You could save £44 on groceries by shopping at the UK's cheapest supermarket

Ellen Wallwork
·2-min read
Woman shopping at the supermarket wearing a facemask to avoid the coronavirus while following a list on her tablet computer – COVID-19 lifestyle concepts
Shoppers could save £44 on groceries by choosing the UK's cheapest supermarket. (Getty Images)

Bargain-hunters may want to think tactically about where they buy their groceries, as a monthly report has revealed they could save as much as £44 on a trolley of 85 items by shopping at a particular supermarket.

Lidl was previously named the nation’s cheapest supermarket, but research conducted by Which? found that in July it was slightly cheaper to shop at Aldi.

The consumer group compared prices for a trolley of 85 items, including both branded and own-brand items, such as milk, pasta and lettuce.

On average, shoppers would have paid £78.50 at Aldi, which beat Lidl by just 96p.

But at one other mainstream supermarket the same trolley-load of products cost £44 more than at Aldi.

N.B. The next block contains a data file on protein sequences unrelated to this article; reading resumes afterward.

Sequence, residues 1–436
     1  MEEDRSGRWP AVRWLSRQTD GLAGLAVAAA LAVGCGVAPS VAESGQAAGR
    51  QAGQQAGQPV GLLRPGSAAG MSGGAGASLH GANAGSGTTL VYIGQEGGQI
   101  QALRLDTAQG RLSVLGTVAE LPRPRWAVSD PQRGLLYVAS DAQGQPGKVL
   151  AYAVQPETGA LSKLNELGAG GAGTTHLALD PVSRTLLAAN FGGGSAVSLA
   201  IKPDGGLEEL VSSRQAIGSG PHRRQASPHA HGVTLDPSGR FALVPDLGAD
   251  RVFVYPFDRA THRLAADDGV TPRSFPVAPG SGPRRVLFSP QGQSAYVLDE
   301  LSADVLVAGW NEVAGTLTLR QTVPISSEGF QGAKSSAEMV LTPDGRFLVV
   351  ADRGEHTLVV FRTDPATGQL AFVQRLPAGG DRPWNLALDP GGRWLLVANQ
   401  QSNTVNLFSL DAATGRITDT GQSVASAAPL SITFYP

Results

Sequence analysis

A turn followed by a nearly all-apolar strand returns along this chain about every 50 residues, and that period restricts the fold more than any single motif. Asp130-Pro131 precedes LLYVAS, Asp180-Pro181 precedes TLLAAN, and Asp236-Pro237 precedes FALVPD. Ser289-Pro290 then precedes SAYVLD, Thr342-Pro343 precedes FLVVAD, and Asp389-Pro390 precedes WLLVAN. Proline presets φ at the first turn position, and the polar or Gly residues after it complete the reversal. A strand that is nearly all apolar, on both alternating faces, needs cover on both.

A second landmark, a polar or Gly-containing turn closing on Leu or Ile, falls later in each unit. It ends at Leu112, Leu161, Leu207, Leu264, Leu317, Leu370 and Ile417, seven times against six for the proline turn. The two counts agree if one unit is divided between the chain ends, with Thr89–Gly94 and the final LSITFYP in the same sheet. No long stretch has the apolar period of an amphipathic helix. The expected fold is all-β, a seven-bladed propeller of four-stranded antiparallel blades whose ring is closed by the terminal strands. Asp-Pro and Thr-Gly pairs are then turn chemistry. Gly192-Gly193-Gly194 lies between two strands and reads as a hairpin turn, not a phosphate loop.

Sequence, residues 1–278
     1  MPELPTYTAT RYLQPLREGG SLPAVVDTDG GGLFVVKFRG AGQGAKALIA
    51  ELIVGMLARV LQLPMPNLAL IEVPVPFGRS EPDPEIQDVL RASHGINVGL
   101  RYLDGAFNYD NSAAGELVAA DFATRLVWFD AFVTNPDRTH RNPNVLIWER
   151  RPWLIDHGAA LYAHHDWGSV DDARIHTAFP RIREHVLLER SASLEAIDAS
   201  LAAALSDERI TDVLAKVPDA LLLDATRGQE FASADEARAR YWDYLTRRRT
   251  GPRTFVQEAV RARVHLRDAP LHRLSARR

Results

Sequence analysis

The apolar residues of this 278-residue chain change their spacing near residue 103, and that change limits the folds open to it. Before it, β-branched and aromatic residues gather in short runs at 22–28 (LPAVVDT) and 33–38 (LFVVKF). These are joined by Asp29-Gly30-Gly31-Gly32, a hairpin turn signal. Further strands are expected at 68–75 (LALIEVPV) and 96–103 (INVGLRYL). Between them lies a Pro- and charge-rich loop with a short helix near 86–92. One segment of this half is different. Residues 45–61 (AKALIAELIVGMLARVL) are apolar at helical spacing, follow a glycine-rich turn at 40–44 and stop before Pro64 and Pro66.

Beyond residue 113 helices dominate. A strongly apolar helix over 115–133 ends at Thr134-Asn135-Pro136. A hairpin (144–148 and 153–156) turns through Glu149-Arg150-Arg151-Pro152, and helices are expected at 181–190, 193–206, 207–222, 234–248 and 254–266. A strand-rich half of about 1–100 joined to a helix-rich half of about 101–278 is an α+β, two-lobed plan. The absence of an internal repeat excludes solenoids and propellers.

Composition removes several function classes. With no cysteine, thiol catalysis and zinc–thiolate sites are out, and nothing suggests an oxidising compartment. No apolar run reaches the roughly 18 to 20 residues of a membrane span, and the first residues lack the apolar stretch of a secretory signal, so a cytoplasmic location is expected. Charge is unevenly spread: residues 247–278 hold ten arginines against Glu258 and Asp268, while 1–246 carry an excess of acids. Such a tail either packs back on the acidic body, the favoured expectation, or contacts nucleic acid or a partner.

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Natalie Hitchins, head of home products and services at Which?, said: “Our analysis shows that where you shop can save you almost £45 on the price you pay on your weekly groceries, so if you are on a budget you might want to head to one of the discounters instead of your usual go-to supermarket.

“If your choice of supermarket is limited, you might still be able to save money by swapping your usual branded items for own-brand alternatives and being wary of offers that make you buy more than you need, as these may not necessarily be the cheapest option.”

Asda was the cheapest of the ‘big four’ supermarkets, with the bill for the 85 items coming to £88.29. Whereas at Waitrose the total was £122.47.

Here’s how much the Which? trolley of groceries cost at eight different supermarkets:

  • Aldi - £78.50

  • Lidl - £79.46

  • Asda - £88.29

  • Tesco - £98.48

  • Morrisons - £99.30

  • Sainsbury's - £103.26

  • Ocado - £117.85

  • Waitrose - £122.47

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Shoppers made fewer trips to food stores the week after government rules on mandatory face coverings were introduced, according to a separate study.

Market research firm Kantar found that two million fewer trips to stores were taken after the rule was introduced in England on 24 July, which the researchers say indicates that shoppers needed time to adjust to the new regulations.

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